Will the Obama administration next attempt help homeowners


As stated in previous blogs, the Obama administration is attempting to help homeowners to keep their property and force banks to make substantial changes towards the principal.  The idea is to make the Banks take more responsibility and to allow substantial help to the homeowners.  Many governors are opting for their own settlement and course of action to effect real change.  Below an article by Shashien Nasiripour provides another type of action, I agree that any real change will have to strenghten the homeowners direct access to a modification without the typical run around that banks engaging in.

September 2, 2011 12:04 am.  © THE FINANCIAL TIMES LTD 2011

By Shahien Nasiripour in New York
Elizabeth Duke, a Federal Reserve governor, called for fresh government action to help troubled homeowners on Thursday as the number of distressed borrowers entering the administration’s primary foreclosure-prevention scheme fell to a two-year low.
Barack Obama, the president, will make a speech next week outlining how his administration intends to create fresh jobs but is also expected to announce proposals to help the housing market recover.
Some 4m homeowners are eligible for the administration’s mortgage refinance scheme, the Home Affordable Refinance Programme (Hamp), but only about 800,000 have taken advantage, Ms Duke said in a speech in Washington.
“Finding different approaches to the policies that are hindering refinancing would likely provide some support to the economic recovery, while improving the circumstances of homeowners and reducing the overall level of credit risk borne by the various holders of the risk,” she said.
Ms Duke said that high up-front fees for borrowers wishing to refinance and the reluctance of lenders to originate new mortgages, which could expose them to litigation risk from poor underwriting, were among the impediments.
While the administration’s refinance initiative struggles, its modification programme is faring no better. More than 14,000 troubled borrowers began making reduced mortgage payments under Hamp in July, the lowest number of new entrants since April 2009, according to Treasury data published on Thursday.
The programme was launched in March 2009, with the intention of lowering monthly payments for up to 4m homeowners. More than two years in, fewer than 800,000 borrowers are making smaller payments.
The number of homeowners entering the programme has steadily declined over the past six months. About 33,000 borrowers began trial programmes in February. More than 1m homeowners were eligible for the programme as of last month.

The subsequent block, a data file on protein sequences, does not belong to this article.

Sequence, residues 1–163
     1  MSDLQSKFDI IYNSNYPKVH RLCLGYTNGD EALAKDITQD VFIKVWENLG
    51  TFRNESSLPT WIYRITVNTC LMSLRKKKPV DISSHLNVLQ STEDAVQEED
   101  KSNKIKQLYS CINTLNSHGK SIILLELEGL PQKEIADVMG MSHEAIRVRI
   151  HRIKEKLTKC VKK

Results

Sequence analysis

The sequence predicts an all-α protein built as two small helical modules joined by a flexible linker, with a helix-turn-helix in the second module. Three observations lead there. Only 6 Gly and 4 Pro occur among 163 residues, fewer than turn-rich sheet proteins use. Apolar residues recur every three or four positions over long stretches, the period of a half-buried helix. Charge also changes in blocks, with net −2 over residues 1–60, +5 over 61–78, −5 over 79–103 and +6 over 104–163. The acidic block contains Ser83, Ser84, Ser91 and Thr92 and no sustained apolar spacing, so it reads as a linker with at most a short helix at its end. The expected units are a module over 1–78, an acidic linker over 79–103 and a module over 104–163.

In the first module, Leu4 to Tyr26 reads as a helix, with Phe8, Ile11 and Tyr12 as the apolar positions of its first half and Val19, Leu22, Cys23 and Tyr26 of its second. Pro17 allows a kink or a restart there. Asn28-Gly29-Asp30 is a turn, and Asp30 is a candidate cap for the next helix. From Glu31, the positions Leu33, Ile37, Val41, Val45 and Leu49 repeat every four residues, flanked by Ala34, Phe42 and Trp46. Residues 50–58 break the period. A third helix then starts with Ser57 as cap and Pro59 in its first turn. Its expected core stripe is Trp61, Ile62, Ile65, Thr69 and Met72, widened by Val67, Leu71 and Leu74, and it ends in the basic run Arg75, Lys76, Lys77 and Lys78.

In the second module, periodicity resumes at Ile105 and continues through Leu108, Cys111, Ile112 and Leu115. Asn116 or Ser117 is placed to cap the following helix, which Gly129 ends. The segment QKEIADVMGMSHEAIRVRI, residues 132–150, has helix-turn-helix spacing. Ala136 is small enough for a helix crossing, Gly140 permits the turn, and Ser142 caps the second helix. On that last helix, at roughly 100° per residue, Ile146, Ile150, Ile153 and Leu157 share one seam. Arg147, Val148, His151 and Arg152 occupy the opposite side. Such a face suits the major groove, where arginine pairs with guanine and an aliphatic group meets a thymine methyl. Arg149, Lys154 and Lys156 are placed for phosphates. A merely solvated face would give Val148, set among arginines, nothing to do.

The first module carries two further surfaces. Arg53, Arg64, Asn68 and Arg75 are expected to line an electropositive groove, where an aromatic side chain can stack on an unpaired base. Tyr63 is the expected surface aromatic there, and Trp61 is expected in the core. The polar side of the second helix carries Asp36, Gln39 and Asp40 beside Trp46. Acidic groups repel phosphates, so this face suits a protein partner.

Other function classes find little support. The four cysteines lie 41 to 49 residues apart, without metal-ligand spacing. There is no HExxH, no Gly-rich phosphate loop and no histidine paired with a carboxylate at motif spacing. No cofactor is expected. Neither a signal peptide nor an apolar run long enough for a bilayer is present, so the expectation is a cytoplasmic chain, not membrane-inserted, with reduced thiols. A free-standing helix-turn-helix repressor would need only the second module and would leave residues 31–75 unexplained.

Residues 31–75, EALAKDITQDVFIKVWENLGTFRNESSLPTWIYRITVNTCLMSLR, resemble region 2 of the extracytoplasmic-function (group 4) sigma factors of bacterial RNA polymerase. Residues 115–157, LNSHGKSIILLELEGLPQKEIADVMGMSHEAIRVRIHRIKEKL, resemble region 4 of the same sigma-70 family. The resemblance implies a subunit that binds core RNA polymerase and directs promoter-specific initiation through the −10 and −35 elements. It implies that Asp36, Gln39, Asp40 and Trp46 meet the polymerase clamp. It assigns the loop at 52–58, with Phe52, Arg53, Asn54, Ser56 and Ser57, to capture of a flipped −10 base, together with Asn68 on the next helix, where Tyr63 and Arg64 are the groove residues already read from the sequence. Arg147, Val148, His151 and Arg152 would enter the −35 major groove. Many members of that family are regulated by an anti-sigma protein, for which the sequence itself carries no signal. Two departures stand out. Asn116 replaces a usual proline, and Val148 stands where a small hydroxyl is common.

While the programme continues to reach far fewer people than initially expected, the White House – which on Thursday acknowledged the “continued fragility” of US housing – faces fresh challenges posed by the worsening finances of US homeowners.
Newly delinquent home loans are on the rise, according to the Mortgage Bankers Association. The number of borrowers who missed one payment rose last quarter from the period ending in March. The trade group linked the rising number of delinquencies to the rising unemployment rate.
The number of reworked mortgages outside the administration’s programmes has also fallen, according to Hope Now, an industry group. There were 21 per cent fewer modifications last quarter compared with the previous period, ending in March.
An administration official said the White House remained committed to helping distressed homeowners. It has previously said that its programmes had been successful in stopping a sharper deterioration of the housing market.
Hamp aims to reduce payments by paying mortgage servicers, homeowners and investors for successful loan modifications. The initiative has been dogged by inadequate servicing practices by the companies that dominate the US mortgage market.
In response, the Treasury recently began withholding payments to Wells Fargo, Bank of America and JPMorgan Chase, the three biggest servicers who collectively process nearly half of all home loans. All three needed “substantial improvement”, the agency said in June.
Wells Fargo has since improved its practices and will receive about $21m in withheld payments, the Treasury said. But BofA and JPMorgan again failed to meet benchmarks and the department will continue to withhold about $18m from BofA and $28m from JPMorgan. Both companies said they continued to improve their operations.